Monkeypox: What is it, and should we be worried?

May 23, 2022 | by Edward-Elmhurst Health
Categories: Healthy Driven Life

As if coronavirus hasn’t been enough, another virus – monkeypox – is making its presence felt overseas and in the United States.

Monkeypox, a virus that’s like smallpox but milder, doesn’t usually infect anyone in the U.S. However, in May 2022, a Massachusetts resident tested positive for monkeypox after a trip to Canada. Infections were also reported in Portugal, Spain and the United Kingdom in May 2022.

The monkeypox name came from its discovery in 1958, when colonies of research monkeys developed a pox-like illness. The first human case of monkeypox was reported in the Democratic Republic of Congo in 1970.

Subsequent human cases have been reported since, mainly in Africa.

Monkeypox symptoms include:

  • Fever
  • Headache
  • Muscle aches
  • Swollen lymph nodes
  • Chills
  • Exhaustion
  • Sore throat

Within 1 to 3 days after the fever begins, people will develop a rash. It can take 14 days for the body to clear the monkeypox infection.

The virus mainly spreads through contact with infected animals but can also spread through contact with infected body fluids, monkeypox sores, or items such as clothing or bedding that have been contaminated with fluids or sores of a person or animal with monkeypox.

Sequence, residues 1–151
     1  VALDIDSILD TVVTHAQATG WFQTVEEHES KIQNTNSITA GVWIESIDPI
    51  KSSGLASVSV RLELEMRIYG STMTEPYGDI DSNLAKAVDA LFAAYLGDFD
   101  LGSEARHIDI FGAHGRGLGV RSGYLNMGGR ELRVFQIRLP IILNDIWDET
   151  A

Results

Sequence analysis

Monkeypox virus can also spread through respiratory droplets, but in a close setting, such as the same household or a healthcare setting.

There is some good news, however: monkeypox is rare, it’s not a new virus and is well understood by infectious disease experts.

“Monkeypox has not been known to transmit well from person to person,” says Jonathan Pinsky, M.D., medical director of infection control at Edward Hospital. “Most infections are linked to exposures with infected animals.”

In fact, in 2003 there was an outbreak of monkeypox in the Midwest, including Illinois, that resulted from human contact with infected prairie dogs that had been sold as pets. No human-to-human transmission was reported.

Because monkeypox is so similar to smallpox, the smallpox vaccine provides effective protection against both viruses. Monkeypox, like smallpox, spreads very slowly, making vaccination an effective way to stop outbreaks, Dr. Pinsky says. The smallpox vaccine can even prevent infection in people who receive it after exposure to an infected person.

The smallpox vaccine isn’t publicly available, as the World Health Organization declared smallpox eliminated in 1980. The United States has a supply of the vaccine in the unlikely case of an outbreak.

Dr. Pinsky says experts will likely determine the cause of the new monkeypox transmissions soon, which will help determine the public risk. At this point, no action is needed unless you suspect you have symptoms of monkeypox or think you may have been in contact with someone suspected of having monkeypox. In that case, contact your primary care physician’s office for guidance.

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